The print was originally made from a glass negative, an early photographic technique which was in common use between the 1880s and the late 1920s. The early 1900s were considered by many to be the golden era of early photography, because of its new availability to the public and somewhat simplified production methods. Many of Lewis Reed’s early photographs are now part of the Montgomery County Historical Society photo archives.

1920s Trolley interior

Rare peak of the inside of a 1920’s trolley car and passengers featured in PBS documentary “The Great War”. Photo taken by Lewis Reed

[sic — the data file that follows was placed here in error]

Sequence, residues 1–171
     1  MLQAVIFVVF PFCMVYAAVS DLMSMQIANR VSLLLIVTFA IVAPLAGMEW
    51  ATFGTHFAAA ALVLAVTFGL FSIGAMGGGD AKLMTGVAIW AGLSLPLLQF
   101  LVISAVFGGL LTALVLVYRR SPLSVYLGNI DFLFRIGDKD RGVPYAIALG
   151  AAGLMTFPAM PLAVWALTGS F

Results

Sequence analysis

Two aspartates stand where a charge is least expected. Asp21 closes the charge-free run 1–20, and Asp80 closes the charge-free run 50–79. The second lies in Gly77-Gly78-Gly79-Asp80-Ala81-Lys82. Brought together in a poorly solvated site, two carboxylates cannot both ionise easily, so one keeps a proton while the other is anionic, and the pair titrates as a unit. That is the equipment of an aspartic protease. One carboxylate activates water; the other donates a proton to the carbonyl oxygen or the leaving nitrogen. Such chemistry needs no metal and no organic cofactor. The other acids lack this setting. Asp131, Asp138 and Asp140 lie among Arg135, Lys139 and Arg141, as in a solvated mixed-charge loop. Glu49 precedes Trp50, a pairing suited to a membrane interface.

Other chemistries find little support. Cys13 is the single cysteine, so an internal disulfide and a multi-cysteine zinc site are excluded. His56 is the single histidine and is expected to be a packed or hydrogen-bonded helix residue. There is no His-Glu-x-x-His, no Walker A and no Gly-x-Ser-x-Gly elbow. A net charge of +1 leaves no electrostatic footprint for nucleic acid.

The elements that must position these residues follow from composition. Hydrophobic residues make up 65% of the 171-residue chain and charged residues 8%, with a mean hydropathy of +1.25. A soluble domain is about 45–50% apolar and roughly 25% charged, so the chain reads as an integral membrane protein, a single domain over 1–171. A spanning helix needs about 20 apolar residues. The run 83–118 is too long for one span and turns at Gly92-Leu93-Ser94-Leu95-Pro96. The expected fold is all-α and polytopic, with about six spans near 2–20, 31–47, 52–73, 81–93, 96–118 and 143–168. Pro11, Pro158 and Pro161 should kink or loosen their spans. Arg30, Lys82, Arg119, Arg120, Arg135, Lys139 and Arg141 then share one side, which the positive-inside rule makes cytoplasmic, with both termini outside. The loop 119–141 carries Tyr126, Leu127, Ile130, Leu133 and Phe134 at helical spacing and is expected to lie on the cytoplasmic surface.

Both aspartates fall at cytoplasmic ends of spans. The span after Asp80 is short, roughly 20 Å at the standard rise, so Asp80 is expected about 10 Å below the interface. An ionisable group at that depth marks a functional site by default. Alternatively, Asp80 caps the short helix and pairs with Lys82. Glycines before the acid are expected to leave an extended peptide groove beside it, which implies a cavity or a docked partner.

PBS The Great War

Screen shot of credits from The American Experience series, “The Great War” on PBS

Vintage Car Stuffing?

vintage car crammed with men

Photo by Lewis Reed

Ever want to see how sausage is made? Well, okay – maybe not… but this interesting photo taken by Lewis Reed some 100 plus years ago allows you to see how 18 men managed to cram themselves into a 1910-1911 Pierce Arrow Model 48 7-Passenger Touring. Pierce-Arrow Motor Car Company in Buffalo, New York, produced some of the finest automobiles made and was one of the most popular high-quality cars of the time.

Unfortunately, no other details about the the photograph or the location is known. If anyone can identify the building in the background, please leave me a comment.

 

%d bloggers like this: